Book Review :Madhur Jaffrey: Climbing Mango Trees

Climbing the Mango Trees: A Memoir of a Childhood in India (Vintage)

I read through cookbooks the way some people read magazines. The first thing i look for in a cookbook, is signs of personality, some idea of where the person comes from - that is generally a very good indicator of which recipes are the strongest. Some cookbook authors come across as being good eaters who ate far and wide enough to put out their recipes collected from good home cooks, yet others like Rose Levy Beranbaum come across as being entirely scientific in their fascination for food - each of her recipes is meticulously tested and rigorous in its precision. Madhur Jaffrey has been around forever, or so it seems to me , and is somewhat of a renaissance woman - she has acted, written a lot of cook books, hosted television cooking shows, opened restaurants.

I have read and cooked from many of her cookbooks- from her earliest, an Invitation to Indian cooking to Madhur Jaffreys World vegetarian. I was leafing through Curries and Kebabs: Recipes from the Indian spice trail(one of her best IMHO) when her description of her family in Delhi leapt out at me, something about her familys caste - the Kayasthas - being  called Sharabi Kababi Hindus. How fascinating i thought , we generally like to think of religion and caste as these immutable, fixed creations - but with one sentence Madhur Jaffrey pointed out , very humorously , that the forces of religion and caste are constantly evolving.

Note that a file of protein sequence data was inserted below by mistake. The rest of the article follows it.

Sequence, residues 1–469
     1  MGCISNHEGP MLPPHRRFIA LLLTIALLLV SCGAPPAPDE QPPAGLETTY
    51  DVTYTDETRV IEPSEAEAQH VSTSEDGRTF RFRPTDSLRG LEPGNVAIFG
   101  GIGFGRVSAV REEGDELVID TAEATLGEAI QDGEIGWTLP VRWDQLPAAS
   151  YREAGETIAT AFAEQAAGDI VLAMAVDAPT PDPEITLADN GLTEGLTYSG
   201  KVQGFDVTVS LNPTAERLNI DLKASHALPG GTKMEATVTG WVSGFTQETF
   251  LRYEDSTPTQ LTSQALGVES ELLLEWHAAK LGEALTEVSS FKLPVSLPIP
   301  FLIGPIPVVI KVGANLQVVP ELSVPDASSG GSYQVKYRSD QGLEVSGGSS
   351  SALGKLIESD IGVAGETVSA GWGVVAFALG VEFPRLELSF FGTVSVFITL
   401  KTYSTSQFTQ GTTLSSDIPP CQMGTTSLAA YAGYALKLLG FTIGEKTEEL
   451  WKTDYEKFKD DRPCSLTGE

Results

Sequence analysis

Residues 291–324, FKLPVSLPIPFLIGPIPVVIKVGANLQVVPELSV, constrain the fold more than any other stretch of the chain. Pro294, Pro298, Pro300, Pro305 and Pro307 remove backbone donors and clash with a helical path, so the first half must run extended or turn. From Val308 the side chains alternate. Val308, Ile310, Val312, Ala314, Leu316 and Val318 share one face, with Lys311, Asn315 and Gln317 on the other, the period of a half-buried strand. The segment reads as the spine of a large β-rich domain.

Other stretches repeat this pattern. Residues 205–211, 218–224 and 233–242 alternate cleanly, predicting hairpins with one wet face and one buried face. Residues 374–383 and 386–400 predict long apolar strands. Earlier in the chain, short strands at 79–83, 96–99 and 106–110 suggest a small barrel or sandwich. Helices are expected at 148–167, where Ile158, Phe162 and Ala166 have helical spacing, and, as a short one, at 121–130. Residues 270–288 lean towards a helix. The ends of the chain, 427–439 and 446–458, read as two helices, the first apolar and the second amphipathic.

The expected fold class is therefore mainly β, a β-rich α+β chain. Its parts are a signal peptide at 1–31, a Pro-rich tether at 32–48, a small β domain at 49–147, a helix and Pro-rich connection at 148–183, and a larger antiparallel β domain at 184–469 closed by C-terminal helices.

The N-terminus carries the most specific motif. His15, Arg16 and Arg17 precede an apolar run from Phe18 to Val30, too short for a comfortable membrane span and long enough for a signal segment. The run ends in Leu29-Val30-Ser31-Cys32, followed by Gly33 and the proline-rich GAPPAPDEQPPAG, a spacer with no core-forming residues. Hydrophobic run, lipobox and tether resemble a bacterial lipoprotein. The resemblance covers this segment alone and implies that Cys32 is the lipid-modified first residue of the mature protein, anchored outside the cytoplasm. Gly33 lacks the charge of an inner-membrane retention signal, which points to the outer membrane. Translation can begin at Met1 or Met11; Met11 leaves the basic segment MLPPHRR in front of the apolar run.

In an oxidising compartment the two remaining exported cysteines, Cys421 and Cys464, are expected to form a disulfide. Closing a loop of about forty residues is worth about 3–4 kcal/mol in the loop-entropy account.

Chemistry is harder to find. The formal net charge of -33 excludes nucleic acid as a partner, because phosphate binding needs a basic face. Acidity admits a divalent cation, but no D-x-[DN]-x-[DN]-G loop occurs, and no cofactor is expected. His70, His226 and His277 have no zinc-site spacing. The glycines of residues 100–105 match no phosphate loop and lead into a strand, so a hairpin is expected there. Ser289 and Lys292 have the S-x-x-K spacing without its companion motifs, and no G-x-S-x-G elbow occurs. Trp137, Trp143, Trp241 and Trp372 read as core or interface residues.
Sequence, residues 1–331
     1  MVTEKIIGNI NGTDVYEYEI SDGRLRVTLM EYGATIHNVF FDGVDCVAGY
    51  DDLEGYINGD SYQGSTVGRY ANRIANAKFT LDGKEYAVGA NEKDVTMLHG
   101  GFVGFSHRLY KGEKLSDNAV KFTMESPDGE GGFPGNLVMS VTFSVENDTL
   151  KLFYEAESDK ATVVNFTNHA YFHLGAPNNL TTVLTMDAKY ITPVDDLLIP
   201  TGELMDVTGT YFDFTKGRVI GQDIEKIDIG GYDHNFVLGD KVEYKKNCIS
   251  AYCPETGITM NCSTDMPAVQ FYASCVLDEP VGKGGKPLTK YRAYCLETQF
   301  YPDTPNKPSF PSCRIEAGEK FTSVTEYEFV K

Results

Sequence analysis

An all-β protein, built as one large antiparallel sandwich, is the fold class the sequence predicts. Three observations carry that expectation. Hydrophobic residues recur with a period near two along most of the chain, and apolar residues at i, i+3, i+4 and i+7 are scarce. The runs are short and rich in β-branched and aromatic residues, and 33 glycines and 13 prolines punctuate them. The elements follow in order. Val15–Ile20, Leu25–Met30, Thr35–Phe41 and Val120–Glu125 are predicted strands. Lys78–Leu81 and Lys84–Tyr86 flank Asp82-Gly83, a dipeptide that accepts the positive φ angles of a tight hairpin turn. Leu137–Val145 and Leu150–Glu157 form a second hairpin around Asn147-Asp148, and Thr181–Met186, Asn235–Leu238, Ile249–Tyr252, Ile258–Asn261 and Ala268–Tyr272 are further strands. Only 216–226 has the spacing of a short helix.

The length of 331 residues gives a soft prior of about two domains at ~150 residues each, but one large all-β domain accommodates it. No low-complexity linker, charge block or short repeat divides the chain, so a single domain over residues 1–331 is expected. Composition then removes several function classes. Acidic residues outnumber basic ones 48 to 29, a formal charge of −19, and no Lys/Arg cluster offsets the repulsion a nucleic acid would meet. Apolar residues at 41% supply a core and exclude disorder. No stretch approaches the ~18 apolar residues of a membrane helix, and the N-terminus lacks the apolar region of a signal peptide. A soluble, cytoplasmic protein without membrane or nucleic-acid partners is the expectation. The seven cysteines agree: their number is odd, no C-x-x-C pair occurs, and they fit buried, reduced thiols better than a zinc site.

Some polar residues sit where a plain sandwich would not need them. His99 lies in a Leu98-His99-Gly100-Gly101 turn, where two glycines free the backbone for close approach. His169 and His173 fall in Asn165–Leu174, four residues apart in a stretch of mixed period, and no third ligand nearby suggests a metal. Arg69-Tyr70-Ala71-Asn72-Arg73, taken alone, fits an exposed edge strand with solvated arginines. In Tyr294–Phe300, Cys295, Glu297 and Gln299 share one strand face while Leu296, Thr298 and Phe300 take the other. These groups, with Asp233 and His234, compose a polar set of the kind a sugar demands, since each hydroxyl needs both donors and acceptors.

That is the core of  Madhur Jaffreys memoir - it is not really a cooks memoir. It is a fascinating lesson in history - what it meant to be a child growing up in the the 40's in North India in a well to do family. The book dishes out copious descriptions of meals, the way they were cooked(with rasoiyyas and maharajs) and consumed. But the tumultuous period in which she grew up ends up with the star billing of the book.

 The book reads very much like your grandmothers favorite reminisces - "You know when we were little, your great grandfather had 20 cooks and he knew the vice roy of yada yada .....". At the same time she has a light touch with heavy topics - caste divisions, the emulation of British customs by indians and the reconciliation with Indian traditions etc.

I would highly recommend this book if you are a history buff.


KitchenKarma said...

Hi, I stumbled upon your blog while browsing through Indian food blogs. Lovely review. I have been toying for sometime whether to but this book or not. Now I know I want this one!